In 1878, the Anglican priest and theologian, Frederic Farrar published a monograph defending hopeful universalism titled Eternal Hope. In the following year, Presbyterian theologian Robert Dabney published a review article critiquing two works including Farrar’s book.
Dabney was a defender of the view that hell consists of eternal conscious torment: hence, the title of his review essay, “Eternal Punishment.” Full of Calvinist spit and vinegar, Dabney is always interesting to read, and this review essay is no exception. But while there is much to engage, in this article, I will focus on one argument that Farrar makes in critique of eternal conscious torment along with Dabney’s rebuttal.
We will orient ourselves to the discussion by beginning with Dabney’s summary of Farrar’s reasoning. Dabney observes,
He [Farrar] represents the orthodox as teaching the odious idea that the saints will find an important element of their bliss in gloating over the despair and torments of those once their fellow-sinners. Among his proofs are citations from Thomas Aquinas, who says that the happiness of the saints will be enhanced by the law of contrast ; and from Jonathan Edwards, teaching that the knowledge of the nature of the torments from which divine grace has delivered them will enhance the gratitude of the redeemed.
Obviously, this sounds grotesque, and if that’s what eternal conscious torment requires of the elect in heaven above, you might conclude that this is a good reason to reject eternal conscious torment. But then Dabney provides his response:
Ought not an honest mind to have seen the difference of these statements from his charge? Canon Farrar, let us suppose, has been saved from a shipwreck, in which a part of his comrades have perished. But can he not apprehend how adoring gratitude and joy from his own rescue would be increased by comparing himself, reclining safe and warm before the genial fire, with the battered corpses tossing amidst the sea-weed, while yet his whole soul might be melted with pity for them?
It’s Dabney’s response – so apparently reasonable on its face – that I now want to subject to critique.
Dabney appears to concede the joy that the elect will find in the damnation of the wicked in one sense: they will indeed have a greater sense of gratitude and joy as they contemplate their own salvation in contrast to those “battered corpses tossing amidst the sea-weed.” (Eww, what an image!)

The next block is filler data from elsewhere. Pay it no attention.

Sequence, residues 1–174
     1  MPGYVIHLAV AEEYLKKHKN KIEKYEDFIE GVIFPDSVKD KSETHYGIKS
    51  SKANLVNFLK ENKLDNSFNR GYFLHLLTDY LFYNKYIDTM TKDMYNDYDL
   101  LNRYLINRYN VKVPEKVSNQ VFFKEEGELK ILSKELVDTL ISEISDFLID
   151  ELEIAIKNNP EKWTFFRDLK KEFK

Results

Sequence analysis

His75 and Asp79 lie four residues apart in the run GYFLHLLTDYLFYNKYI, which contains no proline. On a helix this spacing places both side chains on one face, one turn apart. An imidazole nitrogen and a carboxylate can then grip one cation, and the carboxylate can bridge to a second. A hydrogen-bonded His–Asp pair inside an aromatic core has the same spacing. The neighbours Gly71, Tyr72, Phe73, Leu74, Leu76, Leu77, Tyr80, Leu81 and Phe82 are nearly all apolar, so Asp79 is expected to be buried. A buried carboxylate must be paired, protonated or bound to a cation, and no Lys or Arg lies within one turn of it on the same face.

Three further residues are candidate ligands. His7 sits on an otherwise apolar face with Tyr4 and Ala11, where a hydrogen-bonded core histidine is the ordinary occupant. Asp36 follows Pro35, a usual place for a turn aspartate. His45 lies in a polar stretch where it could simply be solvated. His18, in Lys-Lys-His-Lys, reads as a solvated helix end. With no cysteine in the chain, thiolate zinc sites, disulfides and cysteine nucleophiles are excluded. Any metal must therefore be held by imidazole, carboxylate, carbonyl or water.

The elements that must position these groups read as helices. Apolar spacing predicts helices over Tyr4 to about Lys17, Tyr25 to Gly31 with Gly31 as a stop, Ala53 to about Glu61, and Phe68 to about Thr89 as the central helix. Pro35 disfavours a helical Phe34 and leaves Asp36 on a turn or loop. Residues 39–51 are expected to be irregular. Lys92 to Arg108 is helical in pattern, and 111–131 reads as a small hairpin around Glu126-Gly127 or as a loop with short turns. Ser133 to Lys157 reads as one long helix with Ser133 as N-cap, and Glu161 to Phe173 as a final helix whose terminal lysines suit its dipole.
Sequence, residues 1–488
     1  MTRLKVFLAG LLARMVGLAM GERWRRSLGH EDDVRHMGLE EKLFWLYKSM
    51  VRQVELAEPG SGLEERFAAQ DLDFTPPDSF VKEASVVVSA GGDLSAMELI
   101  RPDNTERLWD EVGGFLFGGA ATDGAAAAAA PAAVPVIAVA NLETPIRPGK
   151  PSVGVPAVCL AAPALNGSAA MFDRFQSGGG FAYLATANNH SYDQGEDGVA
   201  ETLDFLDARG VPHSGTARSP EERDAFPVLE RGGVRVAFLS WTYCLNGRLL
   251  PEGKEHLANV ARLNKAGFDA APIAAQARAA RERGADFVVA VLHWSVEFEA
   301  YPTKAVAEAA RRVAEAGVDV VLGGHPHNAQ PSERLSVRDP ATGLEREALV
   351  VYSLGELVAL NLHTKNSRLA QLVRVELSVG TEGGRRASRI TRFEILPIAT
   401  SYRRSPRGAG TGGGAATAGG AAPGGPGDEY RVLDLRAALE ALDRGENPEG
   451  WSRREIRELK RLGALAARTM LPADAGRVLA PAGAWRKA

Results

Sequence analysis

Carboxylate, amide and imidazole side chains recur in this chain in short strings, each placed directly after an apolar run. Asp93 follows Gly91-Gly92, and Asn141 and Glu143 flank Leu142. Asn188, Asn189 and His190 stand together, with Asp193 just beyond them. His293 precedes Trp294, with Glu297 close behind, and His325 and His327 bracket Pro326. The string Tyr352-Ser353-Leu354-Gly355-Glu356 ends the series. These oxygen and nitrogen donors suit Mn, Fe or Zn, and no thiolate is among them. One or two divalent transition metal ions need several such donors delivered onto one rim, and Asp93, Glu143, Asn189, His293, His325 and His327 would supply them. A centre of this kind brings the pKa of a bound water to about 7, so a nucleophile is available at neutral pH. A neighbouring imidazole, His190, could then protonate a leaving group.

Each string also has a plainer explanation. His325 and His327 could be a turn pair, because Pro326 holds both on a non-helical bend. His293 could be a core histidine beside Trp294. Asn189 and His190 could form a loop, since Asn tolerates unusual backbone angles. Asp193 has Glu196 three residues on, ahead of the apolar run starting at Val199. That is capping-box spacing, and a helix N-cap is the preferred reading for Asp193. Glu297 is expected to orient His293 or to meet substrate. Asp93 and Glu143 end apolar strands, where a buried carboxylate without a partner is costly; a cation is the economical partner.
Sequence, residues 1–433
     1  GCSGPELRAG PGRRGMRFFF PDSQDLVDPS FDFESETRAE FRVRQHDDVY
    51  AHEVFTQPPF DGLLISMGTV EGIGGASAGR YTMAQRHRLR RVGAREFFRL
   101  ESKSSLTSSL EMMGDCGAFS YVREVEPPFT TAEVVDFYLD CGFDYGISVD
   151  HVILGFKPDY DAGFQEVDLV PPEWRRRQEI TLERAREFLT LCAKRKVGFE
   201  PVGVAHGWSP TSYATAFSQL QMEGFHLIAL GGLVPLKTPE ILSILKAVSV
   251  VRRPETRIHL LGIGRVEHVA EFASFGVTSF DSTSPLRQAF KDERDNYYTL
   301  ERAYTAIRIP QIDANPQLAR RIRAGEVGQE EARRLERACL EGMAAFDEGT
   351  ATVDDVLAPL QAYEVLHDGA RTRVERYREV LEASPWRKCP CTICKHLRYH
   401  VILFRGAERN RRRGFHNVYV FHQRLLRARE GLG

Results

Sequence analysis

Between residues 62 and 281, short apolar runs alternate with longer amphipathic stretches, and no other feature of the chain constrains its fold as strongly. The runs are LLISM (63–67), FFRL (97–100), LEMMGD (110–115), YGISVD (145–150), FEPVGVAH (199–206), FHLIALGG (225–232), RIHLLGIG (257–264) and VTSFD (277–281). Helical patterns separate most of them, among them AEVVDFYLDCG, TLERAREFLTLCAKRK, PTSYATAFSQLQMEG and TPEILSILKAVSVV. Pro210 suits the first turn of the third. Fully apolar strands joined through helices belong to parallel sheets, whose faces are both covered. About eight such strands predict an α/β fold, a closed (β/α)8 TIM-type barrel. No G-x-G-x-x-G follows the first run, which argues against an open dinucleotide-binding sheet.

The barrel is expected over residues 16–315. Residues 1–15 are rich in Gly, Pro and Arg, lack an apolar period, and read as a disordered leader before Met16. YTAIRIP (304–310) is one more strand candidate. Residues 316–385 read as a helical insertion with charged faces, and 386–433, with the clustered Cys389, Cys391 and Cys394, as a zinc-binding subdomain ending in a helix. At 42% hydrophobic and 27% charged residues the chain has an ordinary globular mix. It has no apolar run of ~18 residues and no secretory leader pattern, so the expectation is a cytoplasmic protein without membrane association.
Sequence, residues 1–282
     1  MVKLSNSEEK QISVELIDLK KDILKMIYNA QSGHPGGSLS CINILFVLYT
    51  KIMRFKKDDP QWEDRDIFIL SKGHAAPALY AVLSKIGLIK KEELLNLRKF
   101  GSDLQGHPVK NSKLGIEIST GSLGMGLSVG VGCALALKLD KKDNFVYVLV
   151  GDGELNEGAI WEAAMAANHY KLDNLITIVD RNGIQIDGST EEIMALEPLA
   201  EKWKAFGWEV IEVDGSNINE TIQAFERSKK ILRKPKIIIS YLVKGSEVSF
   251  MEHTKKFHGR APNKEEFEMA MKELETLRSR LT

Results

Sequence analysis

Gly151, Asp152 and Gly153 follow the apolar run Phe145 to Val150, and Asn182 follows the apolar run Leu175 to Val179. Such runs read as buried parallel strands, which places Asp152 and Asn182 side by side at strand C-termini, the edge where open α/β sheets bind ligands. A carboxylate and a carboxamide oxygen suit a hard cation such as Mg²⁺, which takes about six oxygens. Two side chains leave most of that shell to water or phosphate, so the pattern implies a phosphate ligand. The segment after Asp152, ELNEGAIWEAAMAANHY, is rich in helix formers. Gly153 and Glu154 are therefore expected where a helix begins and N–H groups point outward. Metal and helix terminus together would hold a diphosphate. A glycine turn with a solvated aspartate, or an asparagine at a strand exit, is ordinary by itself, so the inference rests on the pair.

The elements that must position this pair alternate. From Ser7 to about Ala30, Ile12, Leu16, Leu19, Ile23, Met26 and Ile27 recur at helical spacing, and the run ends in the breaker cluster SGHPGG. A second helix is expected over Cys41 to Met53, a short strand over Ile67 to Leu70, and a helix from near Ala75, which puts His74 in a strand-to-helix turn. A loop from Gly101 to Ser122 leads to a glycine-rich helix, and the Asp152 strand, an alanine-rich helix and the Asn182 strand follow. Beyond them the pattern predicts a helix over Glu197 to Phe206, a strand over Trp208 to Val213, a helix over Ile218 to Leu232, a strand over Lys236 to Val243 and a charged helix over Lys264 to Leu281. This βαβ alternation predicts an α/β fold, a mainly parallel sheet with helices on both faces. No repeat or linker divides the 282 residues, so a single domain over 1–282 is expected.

But what Dabney doesn’t concede is that there is any malice in this pleasure.
There is some surface crediblity to Davney’s response. I can definitely imagine deriving some added relief when contemplating my good fortune (or blessing!) in contrast to those less fortunate (or less blessed) blokes who lost their lives. And presumably, this added relief is not immoral or otherwise improper. Rather, given the circumstances, it is wholly natural.
But how things change when one shifts from thinking of one’s “comrades” to one’s own child. So let’s redo the story:
Imagine that a parent is saved from a shipwreck in which his daughter perishes. Can he not apprehend how adoring gratitude and joy from his rescue would be increased by comparing himself, reclining safe and warm before the genial fire, with the battered corpse of his daughter tossing amidst the sea-weed?
I trust that you can appreciate how grotesque that sounds. Furthermore, I trust we can now appreciate that the only reason the original story didn’t sound grotesque is due to the fact that one doesn’t typically have a deep love for and connection with one’s comrades. Thus, Dabney’s defense depends on the emotional distance one has toward the drowned individuals in the example.
Needless to say, when the comrades are close, as they are (for example) in a military unit, then the loss of comrades while one survives and returns to peacetime frequently leads not to an increased adoration, gratitude, and joy at one’s survival but rather a deepened pain, suffering, and survivor guilt, a pain that can lead to depression, despondency, and even suicide. To reiterate, Dabney’s entire illustration depends on one’s emotional distance from the damned.
But it’s worse than that. According to an orthodox understanding of the doctrine of the new heavens and new earth, there is no more suffering or sadness for those who are resurrected to eternal life (Revelation 21:4). That state of emotional satisfaction and unmitigated pleasure is baldly inconsistent with even the minimal compassion that Dabney describes as a “whole soul” being “melted with pity” for the lost. There is no room in the resurrected state of glory for souls, as Dabney puts it, melted with pity for the lost. There is only joy.
Thus, to the extent that the state of the redeemed and the state of the lost are understood to be concurrent, as they must be in eternal conscious torment construals of hell, it is difficult indeed to avoid the unseemly, if not abhorrent, view that the redeemed derive great pleasure as they contrast their blessed estate with the horrific torturous suffering of the damned. To think of oneself as saved and one’s child as damned only draws the abhorrent nature of this doctrine into even sharper contrast.
Farrar’s objection stands.